How can anyone not see it? The squeaky voice, the pasty face, the outlandish wardrobe, all for a reclusive man-child, tucked away in a secluded wonderland? Why would you make Willy Wonka resemble the recently acquitted King of Pop, Michael Jackson, as do director Tim Burton and star Johnny Depp in the new adaptation of Roald Dahl’s classic “Charlie and the Chocolate Factory”? With every person young and old thinking back to their marvelous first experience with the timeless, bizarre fairy tale, Burton and Depp fail to deliver what should have been a surefire hit.
Depp plays the always erratic and, in this case, psychotic chocolatier Willy Wonka, a solitaire with a candy-making passion. Enter the thoughtful Charlie (Freddie Highmore, “Finding Neverland”), a few brats and a contest to determine who will be the heir to Wonka’s throne, and you get the basic idea.
Typical of Burton’s (“Big Fish”) style, this version of “Charlie” is quirky and borderline creepy. Aside from the strange portrayal of Wonka, the Oompa Loompas are all freakishly similar, the songs are hip to today’s culture and there’s a dark side to Wonka’s past not explored in Dahl’s book or the first film starring Gene Wilder. It’s this dark side — Wonka as the son of a sadistic dentist who never allowed him to have sweets as a child — that turns Wonka into the wacko that he is in the film.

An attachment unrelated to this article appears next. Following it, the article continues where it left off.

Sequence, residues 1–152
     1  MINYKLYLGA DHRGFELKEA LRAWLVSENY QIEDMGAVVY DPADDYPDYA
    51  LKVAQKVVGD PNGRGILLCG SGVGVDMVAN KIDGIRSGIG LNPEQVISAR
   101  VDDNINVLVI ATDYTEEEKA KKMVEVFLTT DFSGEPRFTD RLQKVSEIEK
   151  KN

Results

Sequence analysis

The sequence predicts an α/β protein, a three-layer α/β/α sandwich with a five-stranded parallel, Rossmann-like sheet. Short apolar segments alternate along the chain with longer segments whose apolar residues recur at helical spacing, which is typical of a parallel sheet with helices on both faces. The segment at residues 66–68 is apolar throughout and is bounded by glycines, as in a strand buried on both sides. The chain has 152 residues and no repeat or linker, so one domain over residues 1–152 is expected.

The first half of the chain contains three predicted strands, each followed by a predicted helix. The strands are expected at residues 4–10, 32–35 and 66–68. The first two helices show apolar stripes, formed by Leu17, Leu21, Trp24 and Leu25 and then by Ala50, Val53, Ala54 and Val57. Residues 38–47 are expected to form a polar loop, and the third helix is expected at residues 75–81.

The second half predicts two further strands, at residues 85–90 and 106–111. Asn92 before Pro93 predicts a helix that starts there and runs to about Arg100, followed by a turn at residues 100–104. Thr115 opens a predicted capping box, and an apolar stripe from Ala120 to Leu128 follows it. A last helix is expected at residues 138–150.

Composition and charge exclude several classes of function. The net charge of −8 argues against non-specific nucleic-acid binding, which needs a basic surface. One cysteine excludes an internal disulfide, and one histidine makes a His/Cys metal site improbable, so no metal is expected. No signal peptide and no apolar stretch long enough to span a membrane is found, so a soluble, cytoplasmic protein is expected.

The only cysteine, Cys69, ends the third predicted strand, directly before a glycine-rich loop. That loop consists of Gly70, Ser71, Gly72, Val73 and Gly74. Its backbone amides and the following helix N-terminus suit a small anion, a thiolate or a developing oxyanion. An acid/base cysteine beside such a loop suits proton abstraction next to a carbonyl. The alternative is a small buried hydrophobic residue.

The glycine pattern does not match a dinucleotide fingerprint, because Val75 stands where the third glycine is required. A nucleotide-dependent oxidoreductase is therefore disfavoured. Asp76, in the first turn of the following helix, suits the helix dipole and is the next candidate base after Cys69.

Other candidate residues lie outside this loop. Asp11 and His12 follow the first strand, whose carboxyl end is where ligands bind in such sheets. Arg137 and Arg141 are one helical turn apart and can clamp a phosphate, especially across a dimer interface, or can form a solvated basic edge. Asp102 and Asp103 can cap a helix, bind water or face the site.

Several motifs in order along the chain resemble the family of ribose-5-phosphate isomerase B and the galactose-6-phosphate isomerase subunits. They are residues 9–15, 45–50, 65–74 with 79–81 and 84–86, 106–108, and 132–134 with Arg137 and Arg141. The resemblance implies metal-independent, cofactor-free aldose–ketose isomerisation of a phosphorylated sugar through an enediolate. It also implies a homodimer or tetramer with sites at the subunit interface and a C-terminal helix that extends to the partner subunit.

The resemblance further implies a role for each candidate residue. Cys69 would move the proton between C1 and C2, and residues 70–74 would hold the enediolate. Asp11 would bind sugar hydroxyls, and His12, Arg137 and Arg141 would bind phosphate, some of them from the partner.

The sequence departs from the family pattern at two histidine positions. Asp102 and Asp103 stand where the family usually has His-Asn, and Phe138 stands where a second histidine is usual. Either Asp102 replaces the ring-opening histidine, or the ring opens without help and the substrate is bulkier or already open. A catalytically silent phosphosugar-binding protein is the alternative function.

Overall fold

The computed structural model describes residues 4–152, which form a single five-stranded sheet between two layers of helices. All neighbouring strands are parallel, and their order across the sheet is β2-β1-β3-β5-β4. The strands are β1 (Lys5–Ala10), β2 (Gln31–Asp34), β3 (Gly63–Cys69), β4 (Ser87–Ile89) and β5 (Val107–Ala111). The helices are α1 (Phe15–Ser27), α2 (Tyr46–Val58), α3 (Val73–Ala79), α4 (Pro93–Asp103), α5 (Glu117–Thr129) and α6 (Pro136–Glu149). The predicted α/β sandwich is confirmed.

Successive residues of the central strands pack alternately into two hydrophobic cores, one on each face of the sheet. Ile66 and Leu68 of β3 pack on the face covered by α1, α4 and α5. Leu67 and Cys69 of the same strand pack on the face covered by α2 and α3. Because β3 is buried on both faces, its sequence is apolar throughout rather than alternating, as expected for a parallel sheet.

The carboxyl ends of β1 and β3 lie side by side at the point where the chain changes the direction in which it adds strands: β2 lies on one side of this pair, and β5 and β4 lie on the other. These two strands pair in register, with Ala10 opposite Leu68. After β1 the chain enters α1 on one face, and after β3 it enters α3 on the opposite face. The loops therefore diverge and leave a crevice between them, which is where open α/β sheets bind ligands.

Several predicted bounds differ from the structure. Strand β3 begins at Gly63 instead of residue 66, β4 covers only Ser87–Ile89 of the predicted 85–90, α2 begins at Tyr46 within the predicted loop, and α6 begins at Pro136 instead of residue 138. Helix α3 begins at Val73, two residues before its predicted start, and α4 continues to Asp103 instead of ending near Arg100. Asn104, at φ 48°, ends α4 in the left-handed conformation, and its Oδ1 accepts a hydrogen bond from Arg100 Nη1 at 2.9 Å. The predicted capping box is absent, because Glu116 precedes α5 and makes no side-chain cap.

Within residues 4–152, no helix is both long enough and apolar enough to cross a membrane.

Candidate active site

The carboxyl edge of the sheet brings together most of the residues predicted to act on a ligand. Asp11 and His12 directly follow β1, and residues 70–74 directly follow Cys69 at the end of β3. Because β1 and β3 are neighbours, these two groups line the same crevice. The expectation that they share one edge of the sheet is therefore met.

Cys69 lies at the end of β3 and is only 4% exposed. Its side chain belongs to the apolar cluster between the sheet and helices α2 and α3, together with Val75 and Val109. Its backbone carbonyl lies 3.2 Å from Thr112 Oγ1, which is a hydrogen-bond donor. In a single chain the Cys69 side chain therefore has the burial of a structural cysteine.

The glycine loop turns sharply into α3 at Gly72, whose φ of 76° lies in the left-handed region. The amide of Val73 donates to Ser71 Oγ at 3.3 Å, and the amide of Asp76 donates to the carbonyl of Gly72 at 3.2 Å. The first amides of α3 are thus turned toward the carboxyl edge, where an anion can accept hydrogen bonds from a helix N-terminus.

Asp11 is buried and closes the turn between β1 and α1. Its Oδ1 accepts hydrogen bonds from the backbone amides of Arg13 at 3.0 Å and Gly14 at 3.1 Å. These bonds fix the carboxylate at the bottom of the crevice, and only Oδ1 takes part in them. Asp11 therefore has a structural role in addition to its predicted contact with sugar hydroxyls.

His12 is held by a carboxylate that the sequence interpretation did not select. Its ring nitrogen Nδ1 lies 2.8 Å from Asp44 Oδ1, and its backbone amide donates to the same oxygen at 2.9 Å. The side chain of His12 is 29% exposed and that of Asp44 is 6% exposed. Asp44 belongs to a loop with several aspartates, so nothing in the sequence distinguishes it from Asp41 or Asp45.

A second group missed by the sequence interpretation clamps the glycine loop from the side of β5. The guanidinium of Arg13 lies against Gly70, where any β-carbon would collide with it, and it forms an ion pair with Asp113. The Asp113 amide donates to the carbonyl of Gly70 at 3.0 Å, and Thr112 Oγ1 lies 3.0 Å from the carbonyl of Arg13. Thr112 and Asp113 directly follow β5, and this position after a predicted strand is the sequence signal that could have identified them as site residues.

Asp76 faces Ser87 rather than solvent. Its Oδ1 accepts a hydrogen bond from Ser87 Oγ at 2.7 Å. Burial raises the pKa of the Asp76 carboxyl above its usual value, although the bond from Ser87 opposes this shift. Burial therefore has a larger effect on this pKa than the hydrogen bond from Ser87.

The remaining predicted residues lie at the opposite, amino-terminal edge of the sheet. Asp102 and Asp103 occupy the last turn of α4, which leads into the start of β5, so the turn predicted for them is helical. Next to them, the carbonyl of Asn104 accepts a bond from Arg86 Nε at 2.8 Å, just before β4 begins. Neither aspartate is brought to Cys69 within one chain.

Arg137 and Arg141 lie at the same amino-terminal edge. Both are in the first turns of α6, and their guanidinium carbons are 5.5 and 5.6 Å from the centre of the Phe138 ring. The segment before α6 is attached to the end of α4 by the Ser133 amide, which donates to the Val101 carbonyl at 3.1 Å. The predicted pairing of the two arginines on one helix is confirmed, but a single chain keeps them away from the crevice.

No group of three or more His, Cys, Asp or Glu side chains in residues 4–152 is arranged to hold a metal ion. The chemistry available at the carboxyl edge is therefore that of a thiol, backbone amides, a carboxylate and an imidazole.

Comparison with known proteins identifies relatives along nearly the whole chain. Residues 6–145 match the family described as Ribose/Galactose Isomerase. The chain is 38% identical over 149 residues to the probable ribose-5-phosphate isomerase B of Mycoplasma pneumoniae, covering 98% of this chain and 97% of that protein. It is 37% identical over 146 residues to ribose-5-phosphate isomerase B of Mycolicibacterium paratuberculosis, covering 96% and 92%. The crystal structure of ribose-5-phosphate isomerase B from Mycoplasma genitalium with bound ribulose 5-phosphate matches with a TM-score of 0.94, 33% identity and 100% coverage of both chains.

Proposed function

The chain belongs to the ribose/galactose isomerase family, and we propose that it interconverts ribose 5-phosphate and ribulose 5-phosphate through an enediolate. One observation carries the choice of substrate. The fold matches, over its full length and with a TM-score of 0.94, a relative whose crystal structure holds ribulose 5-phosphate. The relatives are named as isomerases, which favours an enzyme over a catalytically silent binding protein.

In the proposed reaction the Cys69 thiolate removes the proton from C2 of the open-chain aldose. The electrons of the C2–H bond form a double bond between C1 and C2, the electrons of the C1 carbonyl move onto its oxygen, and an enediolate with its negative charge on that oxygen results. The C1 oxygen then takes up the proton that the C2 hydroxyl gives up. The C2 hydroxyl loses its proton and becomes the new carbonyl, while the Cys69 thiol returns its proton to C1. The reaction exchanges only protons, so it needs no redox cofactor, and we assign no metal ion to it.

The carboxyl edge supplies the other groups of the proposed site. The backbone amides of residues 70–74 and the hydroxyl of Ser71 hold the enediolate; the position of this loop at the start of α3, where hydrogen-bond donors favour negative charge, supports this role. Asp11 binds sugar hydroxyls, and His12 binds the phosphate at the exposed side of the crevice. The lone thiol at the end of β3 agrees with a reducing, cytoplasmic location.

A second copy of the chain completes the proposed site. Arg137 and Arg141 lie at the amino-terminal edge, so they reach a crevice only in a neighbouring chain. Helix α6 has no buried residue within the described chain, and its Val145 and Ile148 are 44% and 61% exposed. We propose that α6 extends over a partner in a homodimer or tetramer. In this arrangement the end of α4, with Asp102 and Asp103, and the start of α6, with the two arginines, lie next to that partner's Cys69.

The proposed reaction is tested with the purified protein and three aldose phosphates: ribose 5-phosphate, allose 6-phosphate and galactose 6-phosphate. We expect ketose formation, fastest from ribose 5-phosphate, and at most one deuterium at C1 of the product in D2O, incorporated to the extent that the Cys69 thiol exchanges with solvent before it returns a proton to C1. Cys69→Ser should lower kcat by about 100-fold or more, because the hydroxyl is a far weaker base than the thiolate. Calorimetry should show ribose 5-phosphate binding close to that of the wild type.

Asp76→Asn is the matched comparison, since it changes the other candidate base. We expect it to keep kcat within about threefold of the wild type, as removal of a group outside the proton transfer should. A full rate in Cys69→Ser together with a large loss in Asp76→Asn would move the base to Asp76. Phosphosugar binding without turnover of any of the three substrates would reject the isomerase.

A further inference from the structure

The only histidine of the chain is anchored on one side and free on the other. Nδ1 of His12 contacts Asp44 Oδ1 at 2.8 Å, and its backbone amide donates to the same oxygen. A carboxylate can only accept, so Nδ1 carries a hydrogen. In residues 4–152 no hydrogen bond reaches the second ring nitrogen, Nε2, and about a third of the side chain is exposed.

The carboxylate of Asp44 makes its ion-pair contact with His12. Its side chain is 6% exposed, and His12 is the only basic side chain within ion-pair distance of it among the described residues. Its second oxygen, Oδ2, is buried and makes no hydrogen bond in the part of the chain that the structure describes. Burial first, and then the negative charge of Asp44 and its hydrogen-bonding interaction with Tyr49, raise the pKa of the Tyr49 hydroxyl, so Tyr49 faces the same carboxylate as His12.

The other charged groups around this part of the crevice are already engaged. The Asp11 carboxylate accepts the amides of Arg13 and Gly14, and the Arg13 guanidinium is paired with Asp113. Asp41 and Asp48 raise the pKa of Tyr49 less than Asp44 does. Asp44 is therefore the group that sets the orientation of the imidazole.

Sad as this is, it seems irrelevant, because the story here is about Charlie and his innocence finally being rewarded. By throwing a psychopath in for the ride and inevitably having to humanize him, Burton goes away from what he intended to do — have the story center on Charlie and not Wonka (hence the name change from Wilder’s film) — and the result is disappointing. To everyone’s surprise, the weakest point in the movie is Depp, who brings little to his iconic role. His lines are poorly written and lack the punch packed by Wilder’s quips from 1971 (one-liners like “You’re really weird!” and “Eeow!” lose their charm fairly quickly).
As for the children, the gum-chewing martial artist Violet Beauregarde (relative newcomer and Natalie Portman clone Annasophia Robb), complete with an unwavering superiority complex, never loses her luster and hilarity. Grandpa Joe (David Kelly, “Waking Ned Devine”), however, is portrayed as a bumbling fool, a miscalculated change from the original that had him as Charlie’s resilient mentor.
Dahl’s original was wacky and neurotic enough without Burton and Depp adding their respective flairs. After they do, we are left with a jumbled, oft-confusing mess in which it’s hard to figure out where everything’s going. Only Depp could make an eccentric like Wilder look tame — and after a career of pushing the boundaries, perhaps this time, tamer would have done Depp well.
Rating: 2 out of 5 stars